June 23, 2019
Change was on the horizon for Israel as the nation anticipated its new king. This time of transition was not marked by God’s absence, though. Instead, it highlighted His providential care for His people. Walking us through the events that led the future king, Saul, to meet Samuel, the prophet of God, Alistair Begg helps us see that God uses even the ordinary, mundane details of our lives to bring about His purposes.
I invite you to turn with me to 1 Samuel and chapter 9 and follow along as I read this chapter. First Samuel 9 and from verse 1:
“There was a man of Benjamin whose name was Kish, the son of Abiel, son of Zeror, son of Becorath, son of Aphiah, a Benjaminite, a man of wealth. And he had a son whose name was Saul, a handsome young man. There was not a man among the people of Israel more handsome than he. From his shoulders upward he was taller than any of the people.
“Now the donkeys of Kish, Saul’s father, were lost. So Kish said to Saul his son, ‘Take one of the young men with you, and arise, go and look for the donkeys.’ And he passed through the hill country of Ephraim and passed through the land of Shalishah, but they did not find them. And they passed through the land of Shaalim, but they were not there. Then they passed through the land of Benjamin, but did not find them.
“When they came to the land of Zuph, Saul said to his servant who was with him, ‘Come, let us go back, lest my father cease to care about the donkeys and become anxious about us.’ But he said to him, ‘Behold, there is a man of God in this city, and he is a man who is held in honor; all that he says comes true. So now let us go there. Perhaps he can tell us the way we should go.’ Then Saul said to his servant, ‘But if we go, what can we bring the man? For the bread in our sacks is gone, and there is no present to bring to the man of God. What do we have?’ The servant answered Saul again, ‘Here, I have with me a quarter of a shekel of silver, and I will give it to the man of God to tell us our way.’ (Formerly in Israel, when a man went to inquire of God, he said, ‘Come, let us go to the seer,’ for today’s ‘prophet’ was formerly called a seer.) And Saul said to his servant, ‘Well said; come, let us go.’ So they went to the city where the man of God was.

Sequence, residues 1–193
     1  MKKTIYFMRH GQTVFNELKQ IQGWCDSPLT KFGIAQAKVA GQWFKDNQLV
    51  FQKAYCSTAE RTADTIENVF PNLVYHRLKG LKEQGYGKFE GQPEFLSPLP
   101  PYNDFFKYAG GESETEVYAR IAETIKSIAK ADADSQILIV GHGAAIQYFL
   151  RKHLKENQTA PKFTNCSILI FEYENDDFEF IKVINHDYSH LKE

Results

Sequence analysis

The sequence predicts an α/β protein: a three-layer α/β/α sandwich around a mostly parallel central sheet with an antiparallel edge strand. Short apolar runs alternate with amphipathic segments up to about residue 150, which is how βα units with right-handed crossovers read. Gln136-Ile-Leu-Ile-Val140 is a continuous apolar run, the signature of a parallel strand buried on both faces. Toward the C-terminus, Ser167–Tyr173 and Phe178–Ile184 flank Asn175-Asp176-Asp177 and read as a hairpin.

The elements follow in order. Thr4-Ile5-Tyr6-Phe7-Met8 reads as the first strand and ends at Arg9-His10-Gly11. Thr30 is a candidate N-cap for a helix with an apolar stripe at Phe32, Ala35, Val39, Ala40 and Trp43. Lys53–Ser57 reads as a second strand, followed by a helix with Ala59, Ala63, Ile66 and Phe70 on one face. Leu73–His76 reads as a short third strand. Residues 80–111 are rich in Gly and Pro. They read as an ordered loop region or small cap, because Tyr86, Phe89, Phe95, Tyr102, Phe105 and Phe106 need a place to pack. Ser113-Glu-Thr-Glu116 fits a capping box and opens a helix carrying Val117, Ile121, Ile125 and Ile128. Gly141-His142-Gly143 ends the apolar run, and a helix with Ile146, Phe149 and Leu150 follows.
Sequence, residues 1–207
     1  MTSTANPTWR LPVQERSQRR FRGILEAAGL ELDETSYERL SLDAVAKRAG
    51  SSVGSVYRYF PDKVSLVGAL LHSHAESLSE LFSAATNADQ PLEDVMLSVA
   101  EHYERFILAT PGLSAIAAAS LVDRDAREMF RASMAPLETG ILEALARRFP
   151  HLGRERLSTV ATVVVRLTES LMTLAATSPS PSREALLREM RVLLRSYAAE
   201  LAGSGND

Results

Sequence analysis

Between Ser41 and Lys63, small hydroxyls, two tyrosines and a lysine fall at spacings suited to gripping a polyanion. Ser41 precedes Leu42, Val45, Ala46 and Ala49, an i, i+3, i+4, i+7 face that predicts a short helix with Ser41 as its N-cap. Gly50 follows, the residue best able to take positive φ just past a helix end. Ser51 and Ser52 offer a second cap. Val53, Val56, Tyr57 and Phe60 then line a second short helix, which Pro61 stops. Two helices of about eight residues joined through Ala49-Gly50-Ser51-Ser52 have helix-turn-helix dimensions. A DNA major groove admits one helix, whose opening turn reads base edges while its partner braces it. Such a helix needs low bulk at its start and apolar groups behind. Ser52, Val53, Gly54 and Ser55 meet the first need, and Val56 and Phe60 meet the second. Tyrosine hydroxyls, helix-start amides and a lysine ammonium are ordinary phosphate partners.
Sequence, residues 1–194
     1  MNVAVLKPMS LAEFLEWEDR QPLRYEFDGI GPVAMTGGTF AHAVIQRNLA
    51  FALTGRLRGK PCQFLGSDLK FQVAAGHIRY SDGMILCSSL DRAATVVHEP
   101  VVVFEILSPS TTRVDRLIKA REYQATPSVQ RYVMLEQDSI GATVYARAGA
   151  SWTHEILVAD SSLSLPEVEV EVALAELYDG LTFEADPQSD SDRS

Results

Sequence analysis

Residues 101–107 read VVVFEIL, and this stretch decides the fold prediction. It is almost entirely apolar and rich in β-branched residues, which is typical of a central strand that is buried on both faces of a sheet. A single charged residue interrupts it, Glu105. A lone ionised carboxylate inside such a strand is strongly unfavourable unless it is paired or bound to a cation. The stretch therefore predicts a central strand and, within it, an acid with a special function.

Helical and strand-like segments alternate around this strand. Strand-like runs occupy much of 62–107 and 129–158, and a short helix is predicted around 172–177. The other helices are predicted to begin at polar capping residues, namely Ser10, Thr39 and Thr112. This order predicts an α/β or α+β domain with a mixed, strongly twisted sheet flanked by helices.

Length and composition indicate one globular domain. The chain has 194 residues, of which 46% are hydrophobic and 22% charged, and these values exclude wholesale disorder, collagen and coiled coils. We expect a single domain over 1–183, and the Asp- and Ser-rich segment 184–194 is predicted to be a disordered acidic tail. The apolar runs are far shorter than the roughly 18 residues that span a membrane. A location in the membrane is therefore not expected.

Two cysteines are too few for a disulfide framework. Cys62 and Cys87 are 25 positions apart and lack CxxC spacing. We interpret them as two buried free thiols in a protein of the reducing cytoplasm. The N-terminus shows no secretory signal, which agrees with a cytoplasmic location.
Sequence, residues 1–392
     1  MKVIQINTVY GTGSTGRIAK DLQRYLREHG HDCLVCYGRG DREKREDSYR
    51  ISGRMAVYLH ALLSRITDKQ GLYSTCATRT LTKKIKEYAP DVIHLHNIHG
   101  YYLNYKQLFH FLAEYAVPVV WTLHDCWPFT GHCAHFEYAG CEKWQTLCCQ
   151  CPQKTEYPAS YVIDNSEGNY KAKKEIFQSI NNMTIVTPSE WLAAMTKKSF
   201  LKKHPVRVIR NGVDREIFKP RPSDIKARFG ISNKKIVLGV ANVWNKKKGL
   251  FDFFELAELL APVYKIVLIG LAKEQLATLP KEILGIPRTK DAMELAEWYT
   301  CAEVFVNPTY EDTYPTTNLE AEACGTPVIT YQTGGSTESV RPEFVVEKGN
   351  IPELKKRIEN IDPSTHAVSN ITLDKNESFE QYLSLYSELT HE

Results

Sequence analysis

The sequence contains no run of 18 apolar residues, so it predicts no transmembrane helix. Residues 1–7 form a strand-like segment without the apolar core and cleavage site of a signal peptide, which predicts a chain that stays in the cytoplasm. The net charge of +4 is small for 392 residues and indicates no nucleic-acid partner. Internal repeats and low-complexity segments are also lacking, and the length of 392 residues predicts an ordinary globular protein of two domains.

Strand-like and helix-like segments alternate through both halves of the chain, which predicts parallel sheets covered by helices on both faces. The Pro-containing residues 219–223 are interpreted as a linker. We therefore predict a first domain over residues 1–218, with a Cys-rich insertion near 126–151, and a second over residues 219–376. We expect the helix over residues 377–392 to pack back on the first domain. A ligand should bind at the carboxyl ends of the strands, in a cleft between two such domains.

“As they went up the hill to the city, they met young women coming out to draw water and said to them, ‘Is the seer here?’ They answered, ‘He is; behold, he is just ahead of you. Hurry. He has come just now to the city, because the people have a sacrifice today on the high place. As soon as you enter the city you will find him, before he goes up to the high place to eat. For the people will not eat till he comes, since he must bless the sacrifice; afterward those who are invited will eat. Now go up, for you will meet him immediately.’ So they went up to the city. As they were entering the city, they saw Samuel coming out toward them on his way up to the high place.